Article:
I wish the moment had been filmed, because it felt like a movie, when four big men, dressed in dark sweatshirts and jeans, jumped out of a plain, black van and came straight for us.
Everything happened so fast. We, four young women, were quietly talking and laughing on the stoop of my cousin's house in Harlem, just like other folks on the block were doing. It was 1:30 a.m. on a warm, summer night.
"You and you, come here!" The men barked, as they crossed the street towards us, pointing at two of my friends.
I don't know why, but we immediately assumed these men were NYPD, although there was nothing to indicate that. My friends got up slowly, to comply. I stayed seated, but asked to see their badges.
"You don't need to see shit, shut your mouth" one of the men said.
I repeated myself and my friends echoed me, "You have to show us your badge; Let me see your badges..." Ironically, we had just come from a "Know Your Rights" rally, held in Harlem that night, to protest the NYPD's stop-and-frisk policy, so I felt prepared to stand up against unjust activity.
"If you don't shut the fuck up," one of the other men yelled at me, "your friends will get arrested 'cause of your big mouth."
I stopped speaking. I didn't want to be responsible for getting my friends arrested, or worse. At this point, I realized, we still didn't know if these guys were really police officers. But we could see they had guns. "Who are they? What do they want? Are they gonna shoot us? Are they gonna kidnap us?" I didn't move but my mind was racing. I was not prepared for this.
My friends raised their hands, in the universal sign of surrender, as they approached the men. "We're trying to cooperate. We don't want any trouble," they pleaded, and one of them added again, haltingly, "Will you please show us your badges?"
At that, finally, two of the men took out their badges, though they wouldn't show them to me. I heard one of them mumble something about not having to show me anything because I wasn't being questioned. I was annoyed, but still, I calmed down immediately. Until then, I wasn't sure they were actually cops. Now, I figured, the worst that would happen is we'd all be arrested. "Whew."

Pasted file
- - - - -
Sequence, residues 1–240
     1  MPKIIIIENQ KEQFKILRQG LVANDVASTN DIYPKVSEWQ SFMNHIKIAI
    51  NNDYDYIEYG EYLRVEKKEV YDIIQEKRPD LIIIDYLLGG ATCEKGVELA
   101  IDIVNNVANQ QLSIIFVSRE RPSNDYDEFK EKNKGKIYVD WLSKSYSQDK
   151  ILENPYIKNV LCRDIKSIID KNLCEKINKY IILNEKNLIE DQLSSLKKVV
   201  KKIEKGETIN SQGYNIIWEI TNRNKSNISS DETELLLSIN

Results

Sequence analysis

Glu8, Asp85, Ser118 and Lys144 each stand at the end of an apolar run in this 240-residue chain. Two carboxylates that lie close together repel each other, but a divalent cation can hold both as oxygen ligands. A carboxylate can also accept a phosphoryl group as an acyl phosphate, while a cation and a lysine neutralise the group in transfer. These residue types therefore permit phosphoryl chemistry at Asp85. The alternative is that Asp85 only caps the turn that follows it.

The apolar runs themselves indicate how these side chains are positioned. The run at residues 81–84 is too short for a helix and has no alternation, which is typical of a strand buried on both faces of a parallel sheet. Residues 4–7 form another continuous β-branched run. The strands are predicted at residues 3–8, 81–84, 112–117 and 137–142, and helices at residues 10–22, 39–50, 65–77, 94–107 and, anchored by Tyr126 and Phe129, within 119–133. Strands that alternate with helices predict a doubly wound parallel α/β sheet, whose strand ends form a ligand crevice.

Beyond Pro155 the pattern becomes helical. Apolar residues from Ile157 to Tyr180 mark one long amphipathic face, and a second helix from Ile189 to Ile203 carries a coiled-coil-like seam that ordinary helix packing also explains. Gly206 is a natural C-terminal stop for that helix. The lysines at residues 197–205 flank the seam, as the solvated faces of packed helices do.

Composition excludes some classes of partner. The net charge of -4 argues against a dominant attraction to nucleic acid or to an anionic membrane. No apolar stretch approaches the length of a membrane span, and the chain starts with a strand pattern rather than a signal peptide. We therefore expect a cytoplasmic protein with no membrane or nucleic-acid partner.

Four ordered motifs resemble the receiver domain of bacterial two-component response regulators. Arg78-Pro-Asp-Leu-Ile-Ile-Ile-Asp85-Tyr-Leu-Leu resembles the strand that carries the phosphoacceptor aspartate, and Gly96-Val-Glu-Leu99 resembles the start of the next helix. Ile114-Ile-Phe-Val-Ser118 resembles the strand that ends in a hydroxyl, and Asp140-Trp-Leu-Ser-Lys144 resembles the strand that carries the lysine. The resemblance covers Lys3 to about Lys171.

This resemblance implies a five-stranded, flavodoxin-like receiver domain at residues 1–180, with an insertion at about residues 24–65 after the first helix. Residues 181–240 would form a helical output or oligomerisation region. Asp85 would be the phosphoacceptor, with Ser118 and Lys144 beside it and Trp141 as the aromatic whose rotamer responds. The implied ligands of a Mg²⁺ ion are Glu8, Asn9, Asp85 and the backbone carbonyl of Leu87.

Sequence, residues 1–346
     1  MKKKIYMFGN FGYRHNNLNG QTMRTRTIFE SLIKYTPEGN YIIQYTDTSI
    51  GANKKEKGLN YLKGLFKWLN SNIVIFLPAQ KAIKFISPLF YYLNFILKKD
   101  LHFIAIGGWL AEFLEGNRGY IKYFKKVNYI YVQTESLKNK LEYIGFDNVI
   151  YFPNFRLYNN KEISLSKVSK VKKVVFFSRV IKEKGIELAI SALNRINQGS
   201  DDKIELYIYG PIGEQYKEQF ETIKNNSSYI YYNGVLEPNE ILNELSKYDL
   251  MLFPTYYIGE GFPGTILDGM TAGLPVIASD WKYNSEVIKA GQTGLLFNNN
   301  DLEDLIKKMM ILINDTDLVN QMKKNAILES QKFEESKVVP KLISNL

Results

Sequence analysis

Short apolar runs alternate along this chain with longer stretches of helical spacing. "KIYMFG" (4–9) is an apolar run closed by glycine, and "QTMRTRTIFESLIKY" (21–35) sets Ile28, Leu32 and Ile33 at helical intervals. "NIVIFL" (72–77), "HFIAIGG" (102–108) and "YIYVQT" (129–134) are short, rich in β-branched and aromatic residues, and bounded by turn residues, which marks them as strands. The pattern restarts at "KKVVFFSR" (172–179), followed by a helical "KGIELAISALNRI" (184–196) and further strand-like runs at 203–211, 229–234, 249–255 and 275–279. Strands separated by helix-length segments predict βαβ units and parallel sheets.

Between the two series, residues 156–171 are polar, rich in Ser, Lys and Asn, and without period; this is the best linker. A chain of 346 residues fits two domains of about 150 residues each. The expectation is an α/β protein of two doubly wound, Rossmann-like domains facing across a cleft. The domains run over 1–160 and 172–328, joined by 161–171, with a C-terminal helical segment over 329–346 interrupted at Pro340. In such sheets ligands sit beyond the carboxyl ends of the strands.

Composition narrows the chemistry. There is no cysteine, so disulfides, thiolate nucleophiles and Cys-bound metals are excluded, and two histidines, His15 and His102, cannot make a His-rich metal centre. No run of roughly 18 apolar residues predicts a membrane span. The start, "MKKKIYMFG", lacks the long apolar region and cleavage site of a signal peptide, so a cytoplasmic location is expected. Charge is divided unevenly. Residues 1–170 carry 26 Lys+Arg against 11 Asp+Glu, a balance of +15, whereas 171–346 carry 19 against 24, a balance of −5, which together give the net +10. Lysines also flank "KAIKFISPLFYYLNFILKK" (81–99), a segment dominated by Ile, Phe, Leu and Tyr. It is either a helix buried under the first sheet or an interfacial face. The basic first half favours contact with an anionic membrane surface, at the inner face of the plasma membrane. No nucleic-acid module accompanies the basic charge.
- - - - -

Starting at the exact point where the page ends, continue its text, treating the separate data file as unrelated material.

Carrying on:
I should add here that I am white. My friends are not. One of them told me afterwards that she was more afraid when she found out they were cops. "I just saw Oscar Grant happening all over again," she said. Note: This incident occurred last summer, when "Fruitvale Station" had just come out in theaters, detailing the murder of a young, Oscar Grant, shot while in handcuffs, by Oakland PD. Since then, countless other black men & women have been killed by police, namely Eric Garner of NYC, Mike Brown of Missouri & Ezell Ford of Los Angeles. Eric Garner died, begging police to stop choking him ("I can't breathe"). Mike Brown died with his hands up. Ezell Ford was shot in the back, while lying on the ground.
The men - the cops - started asking lots of questions. "Who are you?" "Who lives here?" "What are you pretty young ladies doing, hanging out on the stoop, at this hour?" They said there had been a shooting earlier, a few blocks away. They said that they didn't care if we smoked weed, but that we shouldn't be doing it outside. They rambled on with their interrogating small talk.
Eventually, they apologized. They apologized for refusing to show us their badges. My friends tried to explain to them how scary the situation was, not knowing who they were or what was going on. One of the cops asked, "If you were so scared, why didn't you run?"
The question was infuriating. Run?! Why should we run? We weren't doing anything. Where could we run? We were sitting on a stoop. And who runs from cops? Everybody knows not to run from police. Our goal was not to get shot. Our goal was to get out of this alive. Our goal was to protect ourselves and each other. No, running was never a thought.
Afterwards, I wondered, "What kind of cop asks a question like that?" And if they were investigating a shooting, why were they wasting time with us? They didn't check us for weapons or anything. They didn't even check us for the marijuana they assumed we were smoking. All they did was terrorize us. And by terrorize us, I mean those four big men scared the shit out of us. Other victims of police brutality may challenge our use of the word 'terror' with much more heinous descriptions of violence.
While I was always opposed to New York City's stop-and-frisk policy, and in general, to the NYPD's racist regime, I had never been so directly affected by it. I know my rights, as an American citizen, and as a human being, and I tried to assert them in the peaceful, lawful way I was taught, but what's the point of having freedoms and rights, if under the guise of the law, it clearly doesn't matter? Cue light bulb moment #2, when you realize, this might be what it's like to be black or brown skinned in this country.
The NYPD's mission, according to their website is, "to enhance the quality of life in our City by working in partnership with the community and in accordance with constitutional rights to enforce the laws, preserve the peace, reduce fear, and provide for a safe environment." Ironic, since most people I know, seem to have the complete opposite experience with New York City Police.
In August of last year, a mere ten days before my encounter, Judge Shira Scheindlin of Federal District Court found the New York City Police Department violated the Fourth and Fourteenth Amendments in the way they have conducted stop-and-frisks. Shortly thereafter, The United States Court of Appeals for the Second Circuit removed Judge Scheindlin from the case, based on the view that she violated the judiciary's code of conduct. The three-judge panel have accused Judge Scheindlin of not following the rules. Hypocritical, don't you think?